Presentation on theme: "Immigration 101 The Advocates for Human Rights is pleased to involve your class or community group in a day to learn about immigration to the United States."— Presentation transcript:
Overview Ways to become a U.S. citizen Main categories of immigrants Ways to get a green card Process of naturalization Push-pull factors of immigration Ways to create a welcoming environment for immigrants
Terms to be Covered Asylee Citizen Green card Immigrant Lawful Permanent Resident Undocumented Naturalization Visa Non-immigrant Refugee
Why Is It Important to Stay Informed About Immigration? To approach a front-page issue sensitively and with accuracy To create a more inclusive classroom To establish dialogue and connections between diverse groups To effectively advocate for immigrants and refugees in the community To encourage positive understanding about immigrants clipartreview.com
There Are Ways To Be a Citizen: 1.You are BORN in the U.S. 2.You are born to a U.S. citizen parent or your parent became a citizen before you turned 18 3.You are adopted by a U.S. citizen (Child Citizenship Act of 2000) 4.You are naturalized (more about this process later)
Someone In the U.S. Who is Not a Citizen is Either An Immigrant or a Non-immigrant
Non-Immigrants Students Temporary workers Visitors Others who are in the U.S. temporarily, where their visas only allow them to stay for a limited amount of time.
Immigrants Immigrants settle in a country intending to stay there permanently and become citizens. Two categories of immigrants are:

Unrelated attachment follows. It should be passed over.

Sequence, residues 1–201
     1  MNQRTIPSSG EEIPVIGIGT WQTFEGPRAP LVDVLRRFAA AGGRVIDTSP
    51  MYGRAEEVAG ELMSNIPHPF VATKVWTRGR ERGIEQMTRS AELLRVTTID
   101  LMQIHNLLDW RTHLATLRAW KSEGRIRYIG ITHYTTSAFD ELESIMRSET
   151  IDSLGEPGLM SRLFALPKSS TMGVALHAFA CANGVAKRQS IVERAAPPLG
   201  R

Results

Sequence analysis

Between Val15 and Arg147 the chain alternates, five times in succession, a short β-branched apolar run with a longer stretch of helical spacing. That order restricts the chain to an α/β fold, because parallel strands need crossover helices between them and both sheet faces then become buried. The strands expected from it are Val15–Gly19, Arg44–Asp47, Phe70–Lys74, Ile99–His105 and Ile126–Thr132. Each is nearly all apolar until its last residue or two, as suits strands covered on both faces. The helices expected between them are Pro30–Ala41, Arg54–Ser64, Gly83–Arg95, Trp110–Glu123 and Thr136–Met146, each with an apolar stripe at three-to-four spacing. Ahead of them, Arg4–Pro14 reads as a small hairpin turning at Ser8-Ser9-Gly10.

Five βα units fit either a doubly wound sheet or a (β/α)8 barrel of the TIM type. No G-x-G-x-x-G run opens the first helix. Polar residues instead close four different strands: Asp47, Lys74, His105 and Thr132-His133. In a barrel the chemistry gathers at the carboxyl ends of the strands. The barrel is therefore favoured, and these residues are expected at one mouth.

1 - Lawful Permanent Residents Have permission to remain in the U.S. for as long as they choose, if they remain crime free. Must renew their green card every 10 years.
2 - Refugees / Asylees Refugees and asylees leave their countries because of war or fear of being killed or hurt because of their nationality, race, religion, political opinion or membership in a group.
What Is The Difference Between a Refugee and an Asylee? A refugee receives permission to come to the U.S. from outside of the country. Refugees are resettled with the help of a refugee resettlement agency. An asylee is already in the U.S. when s/he applies for protection. Asylees have to prove that they have reason to fear persecution in their home country.
World Refugee Survey (2008)12 Iran: 3,900 Guatemala: 3,400 Vietnam: 3,400 Ethiopia: 3,200 Indonesia: 3,100 Ukraine: 3,100 Venezuela: 3,100 Country of Origin of Refugees in the U.S. at the End of 2007 China: 16,800 Haiti: 12,300 Cuba: 11,700 Somalia: 11,600 Colombia: 8,200 Russia: 8,100 Liberia: 6,900 Total number of refugees in the U.S. at the end of 2007: 151,200 India: 2,800 Nicaragua: 2,400 Myanmar: 2,200 Sudan: 2,200 Other: 42,800
U.S. Census (2003)13 Region of Birth for All Foreign-Born in the U.S. (including refugees) Latin America: 17.5 mil. Asia: 9.1 mil. Europe: 4.8 mil. Other: 2.1 mil. Total foreign-born in U.S. as of 2003: 33.5 million (11.7% of population)
Undocumented Immigrants May have entered the U.S. without showing a visa or green card. May be here with expired papers. Do not have documents that allow them to stay in the U.S.
Can anyone who wants to become a citizen become one? No, first somebody has to have a green card. Then how do you get a green card? Here are the main ways to obtain a green card… Only a few ways, and not everybody is eligible for one. Becoming a U.S. Citizen
Family A majority of immigrants come to be reunited with family. U.S. citizen adults can sponsor their spouse, parent, child or sibling. Lawful Permanent Residents can sponsor their spouse and any unmarried children.
A Note About Family Reunification - The WAIT The length of the wait will depend on: –Whether the sponsor is a citizen or Lawful Permanent Resident –What country the relative is from –Type of relationship (ex: spouse comes sooner than a brother) Example 1: A lawful permanent resident who wants to bring her husband and 2- year-old daughter from Mexico will have to wait approximately 5-6 years. Example 2: A U.S. citizen who wants to bring his brother from the Philippines will have to wait approximately 23 years.